For decades, people have sung about the benefits of castor oil for hair growth. But at The Hairy Pill®, we like to maintain some healthy scepticism.
So we’ve taken a good look at castor oil to see if there is any credibility to the miracle hair growth claims or to find out if there’s an imposter in our midst!
Castor oil is a vegetable oil cold pressed from castor beans. It’s odourless, pale yellow, and a favourite with masseurs (hello!).
Traditionally, castor oil has been used as pain relief, laxative and anti-inflammatory, and to induce labour. The great Egyptian Queen Cleopatra herself even believed the thick oil would brighten the whites of her eyes (disclaimer: it does not).
Studies back up some of these claims.
A whopping 85-95% of castor oil is made up of an omega-9 fatty acid called ricinoleic acid, which we already know may help reduce inflammation, swelling, and pain, and act as a natural moisturiser.
Castor oil is also a triglyceride, which is known to have antibacterial and antimicrobial properties to help with the skin’s healing.
But what good, if any, does it do to your hair?
It depends who you talk to. Some people swear by it.
But scientists remain on the fence about it.
No published research exists that can verify any claims that castor oil is the miracle hair growth cure you’ve been looking for.
So as much as we’d love to give you a solid answer, the truth is that we just don’t have the data to back up the hearsay yet.
(We DO have the data to prove that our one-pill-a-day hair loss solution works! So maybe you won’t need to resort to castor oil after all.)
Long story short: we don’t know for sure that castor oil is good for hair growth or hair thickening.
It doesn’t contain any of the active ingredients typically associated with hair regrowth yet many people swear castor oil is good for the hair.
Let’s look into why that might be…
Thanks to its anti-inflammatory, antibacterial, and antimicrobial properties, castor oil is commonly applied topically to protect, moisturise, and hydrate the skin. That includes the scalp.
A lot of people swear that the oil improves the health of their hair, thanks to the emollients and occlusives found in the fatty acids in castor oil.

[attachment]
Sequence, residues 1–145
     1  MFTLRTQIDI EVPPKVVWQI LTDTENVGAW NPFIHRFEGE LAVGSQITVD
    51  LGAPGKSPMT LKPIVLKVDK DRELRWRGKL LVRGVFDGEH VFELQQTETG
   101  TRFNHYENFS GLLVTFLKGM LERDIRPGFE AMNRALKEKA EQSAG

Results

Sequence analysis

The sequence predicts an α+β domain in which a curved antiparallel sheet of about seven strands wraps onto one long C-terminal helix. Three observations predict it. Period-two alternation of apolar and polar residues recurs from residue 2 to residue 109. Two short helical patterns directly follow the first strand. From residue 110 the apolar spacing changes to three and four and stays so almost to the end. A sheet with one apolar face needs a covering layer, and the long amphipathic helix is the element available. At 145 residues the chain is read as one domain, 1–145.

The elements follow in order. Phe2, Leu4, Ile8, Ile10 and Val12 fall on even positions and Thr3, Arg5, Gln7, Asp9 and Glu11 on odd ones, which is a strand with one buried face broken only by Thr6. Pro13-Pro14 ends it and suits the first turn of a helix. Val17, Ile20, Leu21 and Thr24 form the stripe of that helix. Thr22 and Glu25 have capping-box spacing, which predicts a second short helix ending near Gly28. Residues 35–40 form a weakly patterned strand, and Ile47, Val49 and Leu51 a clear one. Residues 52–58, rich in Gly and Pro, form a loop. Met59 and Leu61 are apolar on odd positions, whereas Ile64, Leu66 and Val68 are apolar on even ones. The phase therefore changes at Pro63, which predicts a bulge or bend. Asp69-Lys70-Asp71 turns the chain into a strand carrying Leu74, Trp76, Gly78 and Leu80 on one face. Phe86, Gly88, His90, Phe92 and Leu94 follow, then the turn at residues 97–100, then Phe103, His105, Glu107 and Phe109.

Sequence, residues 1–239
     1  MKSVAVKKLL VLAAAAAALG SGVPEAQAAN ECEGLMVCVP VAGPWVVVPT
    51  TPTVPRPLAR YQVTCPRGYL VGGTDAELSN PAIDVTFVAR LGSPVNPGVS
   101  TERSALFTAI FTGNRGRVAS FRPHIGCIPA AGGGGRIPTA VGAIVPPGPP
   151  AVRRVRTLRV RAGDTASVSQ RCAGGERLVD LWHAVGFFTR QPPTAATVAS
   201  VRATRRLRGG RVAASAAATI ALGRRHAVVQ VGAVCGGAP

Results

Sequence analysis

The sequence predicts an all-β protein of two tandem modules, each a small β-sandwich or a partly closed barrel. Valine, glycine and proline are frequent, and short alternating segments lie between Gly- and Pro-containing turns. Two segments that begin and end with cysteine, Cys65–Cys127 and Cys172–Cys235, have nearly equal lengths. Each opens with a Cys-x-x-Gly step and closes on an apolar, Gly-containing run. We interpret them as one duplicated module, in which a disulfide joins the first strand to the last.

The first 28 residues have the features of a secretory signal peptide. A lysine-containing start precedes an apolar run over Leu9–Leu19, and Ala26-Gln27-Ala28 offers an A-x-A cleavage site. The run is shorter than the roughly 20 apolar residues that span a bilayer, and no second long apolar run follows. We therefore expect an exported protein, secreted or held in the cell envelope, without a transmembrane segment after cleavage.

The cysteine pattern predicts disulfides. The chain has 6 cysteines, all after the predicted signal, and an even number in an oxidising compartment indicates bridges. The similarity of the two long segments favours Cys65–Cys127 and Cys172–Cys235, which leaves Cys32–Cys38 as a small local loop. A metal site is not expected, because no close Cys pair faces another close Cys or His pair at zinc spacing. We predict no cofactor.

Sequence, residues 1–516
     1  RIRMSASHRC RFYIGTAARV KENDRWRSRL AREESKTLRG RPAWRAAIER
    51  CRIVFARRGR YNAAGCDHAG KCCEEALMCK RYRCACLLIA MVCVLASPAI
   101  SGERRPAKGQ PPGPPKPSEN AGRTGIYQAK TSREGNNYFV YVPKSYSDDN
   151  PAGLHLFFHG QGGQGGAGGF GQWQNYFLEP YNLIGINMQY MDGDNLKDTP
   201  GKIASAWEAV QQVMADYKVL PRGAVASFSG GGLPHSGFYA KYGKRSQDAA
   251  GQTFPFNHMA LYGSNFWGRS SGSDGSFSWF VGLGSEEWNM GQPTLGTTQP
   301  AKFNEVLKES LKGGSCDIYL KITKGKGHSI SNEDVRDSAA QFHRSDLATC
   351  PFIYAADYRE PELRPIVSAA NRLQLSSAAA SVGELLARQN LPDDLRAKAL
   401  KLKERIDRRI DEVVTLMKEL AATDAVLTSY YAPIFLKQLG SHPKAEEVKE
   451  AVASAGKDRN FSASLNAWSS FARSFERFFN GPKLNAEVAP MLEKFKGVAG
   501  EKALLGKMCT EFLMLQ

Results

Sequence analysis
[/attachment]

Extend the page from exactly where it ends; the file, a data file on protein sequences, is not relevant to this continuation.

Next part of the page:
Emollients act like hair conditioner, hydrating and softening the scalp and hair strands. Occlusives wrap around the strands and seal in the moisture while protecting against further damage.
Castor oil is also rich in antioxidants (like Vitamin E), which have been found to protect the body’s cells from free radical damage (which may play a role in the aging of hair).
As a proven anti-inflammatory, castor oil may also help reduce inflammation of the scalp that causes flaking, dryness, or tenderness.
But while these benefits suggest that castor oil may have a role in improving the health of your hair (and potentially preventing hair loss), the so-called magic of castor oil for hair growth remains anecdotal for now.
Before you figure there’s nothing to lose by giving castor oil a go, it’s worth looking at the potential hair-raising disadvantages of castor oil.
Some people may have an allergic reaction to castor oil — in fact, studies have found castor oil may even be the possible cause of allergic contact dermatitis. As with any new topical treatment, it’s best to test a small amount on a patch of skin first.
If you have dandruff or seborrheic dermatitis, castor oil may also exacerbate your symptoms since the fungus that causes these conditions feeds on the lipids in oils.
Possibly. Again, there are not a lot of studies to verify this claim, but castor oil is astringent, which means it may irritate the skin. That in turn can lead to dry or sensitive skin and possibly even hair loss.
Although exceptionally rare — as in, only one case has ever been documented — castor oil may cause acute hair matting.
Not hair-related but a hairy detail to mention: Castor oil has strong laxative effects while overdosing on it can lead to intestinal cramping and nutrient malabsorption. It should not be ingested.
Since it has been used naturopathically to induce labour, women who are pregnant should also consult with their medical professional before using castor oil.
We don’t know everything there is to know about castor oil yet. Its dermatological effects are still being studied.
But we DO know that the best course of treatment for hair loss or thinning hair involves medical professionals.
The best thing you can do for your hair is to follow the doctor’s advice. At The Hairy Pill®, we will connect you with both a doctor and a pharmacist to create a one-pill-a-day treatment made just for you.
To apply, you just fill out a 5-minute online questionnaire. Get started now.